Take in all the sights and sounds of the big city on a whistle-stop tour around London, writes SALLY BARNES
WOW!” It was a word I heard many times during my niece’s first trip to London.On spotting Big Ben and the Houses of Parliament, from inside a capsule on the London Eye, at the Albert Memorial – and seeing the prices in Harrods. Wow!
At 12, Abigail was the perfect age for a visit to the capital. Old enough to take in its rich history and diversity, yet still young enough to be thrilled by the adventure of it all.
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Our first hotel, the Thistle Kensington Gardens, opposite Hyde Park, was on a direct bus route from Euston.It saved struggling on the Tube escalators and it was much more pleasant to watch the bustle outside the window than to be among the crowds below ground.
After checking in, we set out on foot across Hyde Park, where parakeets sang and swooped through the trees as we made our way to the Albert Memorial.
Standing before the majestic monument built by Queen Victoria in memory of her late, much-loved husband, Abigail let out a sigh. “She must have been DEVASTATED!” she said.
Well yes, she must. From there, we walked to Knightsbridge –and Harrods. After passing the liveried doorman, my niece took a list out of her backpack and announced: “I’ve got to get seven presents.”
I somehow managed to whisk her past the designer shoes and handbags to the gift section in the food halls.Back in our room before bed, she started writing up the travel diary I had given her. After half an hour I asked if she was finished. “No”, she replied.
“I’m only up to when we got off the bus!” Next day we were down for breakfast early, where Abigail pronounced the breakfast toast “almost as good as hospital toast”.
Go figure.Taking a cab to our next hotel, the driver proved him- self an excellent tour guide, pointing out Wellington Arch, which he told us contained the smallest police station in Britain, and the Queen Victoria memorial statue outside Buckingham Palace, which has influenced many a wedding cake.
He also advised us to get along to Horse Guards Parade next morning to see them preparing for the Changing Of The Guard.
It was our first glimpse of an Olympic venue as it’s where the beach volleyball will take place.Almost on David Cameron’s doorstep, the backdrop of courtyard and grand surrounding buildings will make a great contrast to all those itsy bitsy teeny weeny bikinis.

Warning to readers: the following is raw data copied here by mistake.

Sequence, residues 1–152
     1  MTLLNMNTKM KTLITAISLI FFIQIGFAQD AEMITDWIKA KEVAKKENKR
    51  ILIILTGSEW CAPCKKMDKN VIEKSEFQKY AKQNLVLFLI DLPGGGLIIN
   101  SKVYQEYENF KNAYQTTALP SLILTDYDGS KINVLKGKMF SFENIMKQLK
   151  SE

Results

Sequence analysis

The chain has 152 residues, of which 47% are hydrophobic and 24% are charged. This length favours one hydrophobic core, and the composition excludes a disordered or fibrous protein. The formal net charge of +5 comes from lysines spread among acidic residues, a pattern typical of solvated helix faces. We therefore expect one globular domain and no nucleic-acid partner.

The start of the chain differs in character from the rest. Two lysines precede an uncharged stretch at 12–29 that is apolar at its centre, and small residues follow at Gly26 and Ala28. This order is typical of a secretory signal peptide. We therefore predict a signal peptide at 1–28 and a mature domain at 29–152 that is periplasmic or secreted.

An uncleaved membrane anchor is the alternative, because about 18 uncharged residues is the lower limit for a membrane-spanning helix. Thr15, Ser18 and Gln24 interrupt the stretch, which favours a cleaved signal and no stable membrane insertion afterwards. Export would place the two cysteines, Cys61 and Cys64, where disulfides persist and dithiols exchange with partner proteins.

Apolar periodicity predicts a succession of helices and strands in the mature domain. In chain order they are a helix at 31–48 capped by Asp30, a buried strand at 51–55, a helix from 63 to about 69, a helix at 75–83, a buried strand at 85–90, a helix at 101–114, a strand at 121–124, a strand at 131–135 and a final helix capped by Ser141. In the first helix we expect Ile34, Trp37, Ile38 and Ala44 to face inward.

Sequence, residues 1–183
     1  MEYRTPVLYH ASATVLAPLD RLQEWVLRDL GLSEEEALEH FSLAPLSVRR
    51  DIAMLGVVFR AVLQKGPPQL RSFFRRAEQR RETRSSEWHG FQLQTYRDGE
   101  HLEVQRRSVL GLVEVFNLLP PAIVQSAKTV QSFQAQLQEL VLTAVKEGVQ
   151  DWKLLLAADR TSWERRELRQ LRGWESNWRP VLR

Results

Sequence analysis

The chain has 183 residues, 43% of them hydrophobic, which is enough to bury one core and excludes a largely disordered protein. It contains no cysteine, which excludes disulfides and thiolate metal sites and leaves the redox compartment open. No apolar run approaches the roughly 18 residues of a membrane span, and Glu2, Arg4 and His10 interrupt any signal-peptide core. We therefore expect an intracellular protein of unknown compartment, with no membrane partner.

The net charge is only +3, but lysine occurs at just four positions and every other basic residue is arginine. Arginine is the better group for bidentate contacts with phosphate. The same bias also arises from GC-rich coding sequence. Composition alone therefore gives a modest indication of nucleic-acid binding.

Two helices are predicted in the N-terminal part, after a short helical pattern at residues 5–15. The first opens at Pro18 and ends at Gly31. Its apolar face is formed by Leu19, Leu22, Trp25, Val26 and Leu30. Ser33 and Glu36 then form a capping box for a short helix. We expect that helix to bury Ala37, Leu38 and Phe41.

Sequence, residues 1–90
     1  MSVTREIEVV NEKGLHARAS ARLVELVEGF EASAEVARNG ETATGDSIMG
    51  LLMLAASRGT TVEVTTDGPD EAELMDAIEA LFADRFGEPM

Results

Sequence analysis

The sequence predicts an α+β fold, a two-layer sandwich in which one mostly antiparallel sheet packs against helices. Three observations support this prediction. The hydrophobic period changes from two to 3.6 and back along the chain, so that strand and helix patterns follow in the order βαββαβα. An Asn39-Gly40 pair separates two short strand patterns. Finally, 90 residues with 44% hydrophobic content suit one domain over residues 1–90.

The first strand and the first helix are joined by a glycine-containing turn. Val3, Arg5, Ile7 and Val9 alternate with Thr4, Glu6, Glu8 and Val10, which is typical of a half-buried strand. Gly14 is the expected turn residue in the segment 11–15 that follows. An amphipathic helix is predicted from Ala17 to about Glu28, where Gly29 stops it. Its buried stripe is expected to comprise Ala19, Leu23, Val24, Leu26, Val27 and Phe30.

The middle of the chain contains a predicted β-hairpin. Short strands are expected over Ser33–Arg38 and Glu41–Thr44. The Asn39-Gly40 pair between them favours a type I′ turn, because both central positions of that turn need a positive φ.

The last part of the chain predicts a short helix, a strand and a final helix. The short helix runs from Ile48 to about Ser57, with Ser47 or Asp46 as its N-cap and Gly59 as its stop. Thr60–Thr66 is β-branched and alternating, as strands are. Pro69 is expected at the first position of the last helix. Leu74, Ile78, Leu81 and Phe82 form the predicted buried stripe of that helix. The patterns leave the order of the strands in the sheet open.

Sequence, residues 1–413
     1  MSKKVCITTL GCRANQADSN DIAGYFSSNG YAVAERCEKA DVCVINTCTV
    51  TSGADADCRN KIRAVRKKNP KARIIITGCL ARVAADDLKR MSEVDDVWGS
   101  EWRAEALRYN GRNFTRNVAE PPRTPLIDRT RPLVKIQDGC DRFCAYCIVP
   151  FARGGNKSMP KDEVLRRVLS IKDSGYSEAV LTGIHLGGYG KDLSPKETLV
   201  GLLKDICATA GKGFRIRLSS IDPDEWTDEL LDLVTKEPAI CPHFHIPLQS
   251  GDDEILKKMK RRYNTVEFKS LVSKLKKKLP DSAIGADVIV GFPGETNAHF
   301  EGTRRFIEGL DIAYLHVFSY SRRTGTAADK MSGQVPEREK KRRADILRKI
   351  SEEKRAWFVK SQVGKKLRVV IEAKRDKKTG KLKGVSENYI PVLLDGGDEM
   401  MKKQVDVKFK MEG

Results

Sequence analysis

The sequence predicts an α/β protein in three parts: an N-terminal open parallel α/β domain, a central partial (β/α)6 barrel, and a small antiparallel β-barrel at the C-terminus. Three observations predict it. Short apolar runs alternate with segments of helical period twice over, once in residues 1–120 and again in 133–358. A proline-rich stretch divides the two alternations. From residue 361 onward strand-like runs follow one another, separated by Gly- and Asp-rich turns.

At the Premier Inn at County Hall, on the South Bank of the Thames, we were too early to check in so left our bags and went around the corner to the London Eye.That got a big “Wow!” – and the view from the top of the wheel was spectacular.
From there we could see Wembley, with its famous arch, where the football will take place.
Next water on a river cruise,we took to theNIGHT at the Water’s passing the Oxo Tower,Shakespeare’s Globe, Cleopatra’s Needle,TowerBridge and lots of land-marks in between.
Back on dry land later we headed off to Trafalgar Square to catch an open-topped Original Tour Bus, with a guide pointing out all the sights.We saw the old Texas Embassy, Margaret Thatcher’s house with a policeman on guard outside “to keep her in” and the Daily Star Sunday office (which is also the “home of OK! magazine”).
Back at the hotel we had been allocated a huge room with two king-size beds and a sofa bed, easy chairs and a coffee table. Plus we had a side view of the river and the London Eye.
But we couldn’t stay long – we had a date at Fortnum & Mason in Piccadilly for tea.What a treat!
Tea included sandwiches, scones, warm lemon buns and the most exquisite cakes piled on to a three-tier stand, with a pot each of Piccadilly blend tea.
It was delicious and the staff even parcelled up the ones we couldn’t eat for us to take away.A Tube hop took us to the Apollo Theatre in Victoria to see Wicked The Musical.
It was funny, well delivered and with memorable songs – a great first West End show.After a late breakfast next day, we took the taxi driver’s advice and moseyed down past Big Ben to Horse Guards Parade, where the Life Guards and the Blues & Royals lined up on their shiny mounts.
A walk through St James’s Park took us to Bucking- ham Palace to see the Changing Of The Guard.
Even with rain streaming down, it was a sight to impress a 12-year-old.After a trip to Oxford Street, we set off for the Tower of London and an entertaining guided tour from one of the Yeomen, inset left.
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Abigail was fascinated by the instruments of torture in the Bloody Tower but, sadly, the queue to see the Crown Jewels was too long so we jumped on the Thames Clipper to start our journey home.
Weary but happy, my niece opened her travel diary. “It’s been, like, three dreams come true all in one,” she declared. “Wow!”
BUYING a Family and Friends Railcard cuts the cost of train tickets.
Book via nationalrail.co.uk for 2For1 offers for admission to lots of London landmarks. Buy London travelcards and Visitor Oyster Cards at visitorshop.tfl.gov.uk for travel on buses, Tubes, trams, DLR and the Thames Clipper.
Rooms at Thistle Kensington Gardens start from £120 and breakfast is £10. To book visit thistle.com/kensingtongardens.
Rooms at Premier Inn County Hall start from £99. Breakfast costs £8.99 for adults and is free for children under 15. See premierinn.com.
Daily Star Sundayreaders can get 20% off the price of an Original Tour around London. The tour, which costs £23 for adults and £15 for children, covers 80 stops around three sightseeing routes, plus a free River Thames Cruise, three free walking tours and a kids’ club.
To book call 0208 877 2120 or log on to theoriginaltour.com. Make sure you use the voucher code “STARSUN” to claim your discount.
For information on London attractions and a one-stop shop for accommodation, tickets to sights and shows see visitlondon.com.